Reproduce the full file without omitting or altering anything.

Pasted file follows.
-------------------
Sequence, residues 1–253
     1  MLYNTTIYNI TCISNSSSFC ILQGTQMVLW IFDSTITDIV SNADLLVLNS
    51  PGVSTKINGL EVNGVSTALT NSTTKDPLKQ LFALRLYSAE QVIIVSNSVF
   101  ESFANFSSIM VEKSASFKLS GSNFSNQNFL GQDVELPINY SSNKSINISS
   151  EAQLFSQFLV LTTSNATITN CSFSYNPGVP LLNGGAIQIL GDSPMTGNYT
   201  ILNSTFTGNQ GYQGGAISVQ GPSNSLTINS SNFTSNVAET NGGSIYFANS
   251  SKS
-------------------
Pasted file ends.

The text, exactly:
Sequence, residues 1–253
     1  MLYNTTIYNI TCISNSSSFC ILQGTQMVLW IFDSTITDIV SNADLLVLNS
    51  PGVSTKINGL EVNGVSTALT NSTTKDPLKQ LFALRLYSAE QVIIVSNSVF
   101  ESFANFSSIM VEKSASFKLS GSNFSNQNFL GQDVELPINY SSNKSINISS
   151  EAQLFSQFLV LTTSNATITN CSFSYNPGVP LLNGGAIQIL GDSPMTGNYT
   201  ILNSTFTGNQ GYQGGAISVQ GPSNSLTINS SNFTSNVAET NGGSIYFANS
   251  SKS